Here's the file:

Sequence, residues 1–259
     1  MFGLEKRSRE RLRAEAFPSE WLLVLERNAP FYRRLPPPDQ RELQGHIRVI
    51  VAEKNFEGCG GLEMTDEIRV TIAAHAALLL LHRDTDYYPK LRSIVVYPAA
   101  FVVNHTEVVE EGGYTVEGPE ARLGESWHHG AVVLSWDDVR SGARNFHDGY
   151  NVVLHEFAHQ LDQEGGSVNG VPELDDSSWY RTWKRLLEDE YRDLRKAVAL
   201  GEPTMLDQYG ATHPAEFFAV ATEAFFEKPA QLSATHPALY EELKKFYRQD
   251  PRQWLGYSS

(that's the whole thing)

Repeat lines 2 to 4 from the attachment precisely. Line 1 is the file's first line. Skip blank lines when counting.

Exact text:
     1  MFGLEKRSRE RLRAEAFPSE WLLVLERNAP FYRRLPPPDQ RELQGHIRVI
    51  VAEKNFEGCG GLEMTDEIRV TIAAHAALLL LHRDTDYYPK LRSIVVYPAA
   101  FVVNHTEVVE EGGYTVEGPE ARLGESWHHG AVVLSWDDVR SGARNFHDGY